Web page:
The ABC's of Apples, Bees, and Connections Hydrologic

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    Resource /Energy Economics and Policy, Q25,

    More than a Pastime: Informal Arts Improve Communities and Increase Participation Formal Arts Participation

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    Street festivals, art fairs, and a wide variety of other cultural activities that take place in libraries, church basements and city parks may be found in just about every Chicago neighborhood. These are called "informal" arts activities to differentiate them from more formally established public and private cultural organizations and institutions, like The Art Institute of Chicago, the Chicago Architecture Foundation or the Chicago Theater, that are also key components of Chicago's vibrant cultural community. Because many more people participate in informal arts activities than "formal" ones, they are an important indicator of neighborhood quality of life and patterns of economic development in the City of Chicago. MCIC recently partnered with The Urban Institute in Washington DC to evaluate local datasets and measure community participation in arts and cultural activities in the City of Chicago. The research goal was to integrate arts and culture-related measures into neighborhood quality of life indicator models

    An Economic Analysis of Predation Control and Predatory Sheep Losses in Southwestern Utah

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    To provide accurate data concerning sheep losses resulting from predation, a verification study of sheep predation was initiated in March 1972 in the Cedar City area of Utah. In cooperation with the Cedar City Wool Growers Association and Southern Utah State College Experimental Farm, ten sheep ranches were chosen as sample operations, forming the data base for the initial phase of the study (1972-1974). Cooperating ranchers were asked to promptly report all sheep carcasses or injured sheep, so that an examination could immediately be made to ascertain the cause of death or injury. Daily horseback searches were also conducted on the spring and summer ranges. Every located sheep carcass was examined to determine cause of death. If a predator was responsible, the kill was photographed and location, date, species of predator and age class of carcass was recorded. Coyotes were the principal predator inflicting 89 to 100 percent of the kills. Lambs were the principal age class of predator kills. The number of sheep carcasses found and verified as predator kills and natural losses was substantially less than the total number lost. Therefore, a proportion was used to estimate the total predation rate. The average predation rate was 5.9 percent expressed as a percent of lamb crop. In the final year of the study (1975) three herds were chosen and research efforts were intensified and the validity of the statistical inference was confirmed. An estimated total predation loss of 3028 lambs was incurred by herds 1-10 in 1972 to 1974. In 1975, 158 lambs were destroyed by predators in herds 1, 3 and 5. These losses were valued at 89,347.AssumingthesamplepredationrateisrepresentativeofpredationlossesthroughoutUtah,thestatewidelamblosstopredatorswascalculatedtobe127,521lambs,representingadirectincomelosstotheUtahsheepindustryof89,347. Assuming the sample predation rate is representative of predation losses throughout Utah, the state-wide lamb loss to predators was calculated to be 127,521 lambs, representing a direct income loss to the Utah sheep industry of 3,622,061. The indirect or multiplier losses represented an additional $10,072,911 loss to the state economy. Two models were developed. The first, a cost model, illustrated the nature of the costs of coyote predation, their effects upon the rancher and several approaches to profit maximization with and without coyote predation. The second model approached predation economics from a biological standpoint to identify research needs for future inquiries into predation economics. The relationships between coyote population dynamics, coyote control and predatory sheep losses were discussed, leading to the formulation of an economic production function model. The model provides a conceptual framework to determine the effectiveness and optimum rate of predator control efforts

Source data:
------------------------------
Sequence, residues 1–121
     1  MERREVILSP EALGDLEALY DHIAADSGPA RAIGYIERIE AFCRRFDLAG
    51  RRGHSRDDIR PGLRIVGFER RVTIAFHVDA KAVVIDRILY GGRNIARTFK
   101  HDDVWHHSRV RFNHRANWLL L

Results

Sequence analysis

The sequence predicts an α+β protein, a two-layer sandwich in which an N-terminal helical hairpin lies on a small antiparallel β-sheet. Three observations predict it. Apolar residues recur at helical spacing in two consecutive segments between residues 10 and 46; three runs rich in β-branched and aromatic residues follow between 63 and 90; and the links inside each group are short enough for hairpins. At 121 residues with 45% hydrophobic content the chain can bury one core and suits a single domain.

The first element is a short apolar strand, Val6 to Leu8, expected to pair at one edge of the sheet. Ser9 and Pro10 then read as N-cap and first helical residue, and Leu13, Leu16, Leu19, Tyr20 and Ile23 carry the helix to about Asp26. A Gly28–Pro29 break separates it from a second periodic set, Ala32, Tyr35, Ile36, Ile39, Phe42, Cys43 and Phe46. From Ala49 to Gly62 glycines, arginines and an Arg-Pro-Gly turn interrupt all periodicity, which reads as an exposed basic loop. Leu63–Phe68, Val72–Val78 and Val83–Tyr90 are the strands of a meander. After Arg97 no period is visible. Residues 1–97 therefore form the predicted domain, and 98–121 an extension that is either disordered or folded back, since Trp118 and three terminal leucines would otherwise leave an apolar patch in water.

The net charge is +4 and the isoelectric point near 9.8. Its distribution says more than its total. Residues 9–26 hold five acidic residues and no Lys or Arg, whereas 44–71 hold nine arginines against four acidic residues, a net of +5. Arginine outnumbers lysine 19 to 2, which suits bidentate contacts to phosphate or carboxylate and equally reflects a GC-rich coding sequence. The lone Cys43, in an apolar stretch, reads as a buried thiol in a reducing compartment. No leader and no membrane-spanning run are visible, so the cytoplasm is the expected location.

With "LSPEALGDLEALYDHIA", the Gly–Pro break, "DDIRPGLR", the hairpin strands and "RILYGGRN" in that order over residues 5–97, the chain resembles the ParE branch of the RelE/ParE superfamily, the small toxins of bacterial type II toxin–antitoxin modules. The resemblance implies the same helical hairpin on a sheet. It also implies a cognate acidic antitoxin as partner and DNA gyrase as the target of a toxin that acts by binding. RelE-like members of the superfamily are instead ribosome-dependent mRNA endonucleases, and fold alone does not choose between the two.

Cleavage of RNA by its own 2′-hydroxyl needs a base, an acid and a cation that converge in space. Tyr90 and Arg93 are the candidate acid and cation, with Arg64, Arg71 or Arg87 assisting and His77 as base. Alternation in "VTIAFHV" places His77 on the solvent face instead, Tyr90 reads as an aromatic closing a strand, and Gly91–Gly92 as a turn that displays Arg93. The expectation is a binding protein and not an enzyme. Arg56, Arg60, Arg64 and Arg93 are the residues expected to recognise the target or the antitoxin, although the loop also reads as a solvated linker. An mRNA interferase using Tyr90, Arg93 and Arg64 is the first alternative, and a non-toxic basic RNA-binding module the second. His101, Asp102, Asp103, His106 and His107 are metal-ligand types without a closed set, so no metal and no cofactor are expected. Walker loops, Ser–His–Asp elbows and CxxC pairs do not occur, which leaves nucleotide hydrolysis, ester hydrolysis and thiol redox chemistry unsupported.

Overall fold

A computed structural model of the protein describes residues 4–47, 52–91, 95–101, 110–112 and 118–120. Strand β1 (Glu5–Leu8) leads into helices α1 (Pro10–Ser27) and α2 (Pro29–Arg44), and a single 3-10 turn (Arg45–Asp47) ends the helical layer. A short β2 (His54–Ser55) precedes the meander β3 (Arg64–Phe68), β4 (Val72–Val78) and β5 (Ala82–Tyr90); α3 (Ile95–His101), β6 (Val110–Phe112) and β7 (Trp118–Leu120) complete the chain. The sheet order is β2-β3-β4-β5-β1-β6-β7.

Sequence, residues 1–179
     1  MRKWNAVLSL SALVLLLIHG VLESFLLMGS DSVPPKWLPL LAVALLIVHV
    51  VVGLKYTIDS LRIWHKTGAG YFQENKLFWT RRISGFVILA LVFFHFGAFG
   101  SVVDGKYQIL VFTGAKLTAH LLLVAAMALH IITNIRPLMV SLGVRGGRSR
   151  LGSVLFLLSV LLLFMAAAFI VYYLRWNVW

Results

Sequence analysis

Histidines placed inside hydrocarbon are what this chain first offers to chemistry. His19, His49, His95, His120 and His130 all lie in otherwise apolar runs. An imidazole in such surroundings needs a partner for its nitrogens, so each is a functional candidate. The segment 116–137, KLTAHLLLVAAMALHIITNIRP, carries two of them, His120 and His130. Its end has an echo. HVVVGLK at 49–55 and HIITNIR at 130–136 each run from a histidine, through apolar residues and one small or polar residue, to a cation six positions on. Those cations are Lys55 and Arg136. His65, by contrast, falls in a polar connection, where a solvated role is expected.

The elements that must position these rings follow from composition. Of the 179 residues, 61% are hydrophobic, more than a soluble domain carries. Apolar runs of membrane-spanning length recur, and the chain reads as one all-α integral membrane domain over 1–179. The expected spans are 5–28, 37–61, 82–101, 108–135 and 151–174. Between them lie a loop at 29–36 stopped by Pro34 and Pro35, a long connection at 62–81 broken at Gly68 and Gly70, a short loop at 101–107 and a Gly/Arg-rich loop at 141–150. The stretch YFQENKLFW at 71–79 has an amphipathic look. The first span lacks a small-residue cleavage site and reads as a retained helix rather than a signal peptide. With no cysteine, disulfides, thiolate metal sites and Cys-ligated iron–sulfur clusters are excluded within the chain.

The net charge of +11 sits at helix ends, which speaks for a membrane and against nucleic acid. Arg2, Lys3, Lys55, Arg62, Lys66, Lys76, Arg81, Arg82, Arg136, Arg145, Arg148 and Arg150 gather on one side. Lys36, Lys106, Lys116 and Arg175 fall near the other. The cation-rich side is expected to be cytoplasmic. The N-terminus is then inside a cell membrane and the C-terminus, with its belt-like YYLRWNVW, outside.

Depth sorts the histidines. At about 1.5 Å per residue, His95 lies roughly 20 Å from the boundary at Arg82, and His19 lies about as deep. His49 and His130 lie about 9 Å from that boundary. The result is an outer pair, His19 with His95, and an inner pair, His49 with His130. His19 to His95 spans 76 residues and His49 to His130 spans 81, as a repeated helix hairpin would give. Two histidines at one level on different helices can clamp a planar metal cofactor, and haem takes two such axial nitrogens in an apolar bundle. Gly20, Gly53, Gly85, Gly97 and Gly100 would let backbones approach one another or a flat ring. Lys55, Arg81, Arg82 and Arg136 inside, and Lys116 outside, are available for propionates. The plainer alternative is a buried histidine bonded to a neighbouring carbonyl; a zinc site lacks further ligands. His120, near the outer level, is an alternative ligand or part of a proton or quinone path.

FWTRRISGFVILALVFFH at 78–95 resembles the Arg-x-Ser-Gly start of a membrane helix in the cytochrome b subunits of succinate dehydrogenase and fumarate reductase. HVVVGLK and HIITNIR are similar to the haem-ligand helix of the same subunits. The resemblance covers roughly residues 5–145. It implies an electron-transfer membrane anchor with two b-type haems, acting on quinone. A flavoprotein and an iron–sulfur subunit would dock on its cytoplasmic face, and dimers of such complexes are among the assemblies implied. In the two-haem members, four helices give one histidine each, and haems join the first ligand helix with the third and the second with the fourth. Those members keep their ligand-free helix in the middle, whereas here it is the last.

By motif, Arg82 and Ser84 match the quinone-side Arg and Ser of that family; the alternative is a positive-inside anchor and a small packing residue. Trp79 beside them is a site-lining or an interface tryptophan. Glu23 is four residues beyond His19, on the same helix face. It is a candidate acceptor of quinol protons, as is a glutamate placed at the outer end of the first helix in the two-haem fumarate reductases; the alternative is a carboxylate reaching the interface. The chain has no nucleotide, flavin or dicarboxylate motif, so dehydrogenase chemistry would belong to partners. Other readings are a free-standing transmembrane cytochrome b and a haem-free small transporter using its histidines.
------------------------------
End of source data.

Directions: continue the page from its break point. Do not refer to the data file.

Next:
Nebraska and its Neighbors- Past, Present and Future

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    The January 1996 issue of Business in Nebraska reported Nebraska\u27s economic outlook through 1997. This issue reports past economic and demographic performance and near-term projections for a region consisting of Nebraska and its six neighboring stales-Colorado, Iowa, Kansas, Missouri, South Dakota, and Wyoming. Population Employment Personel Incom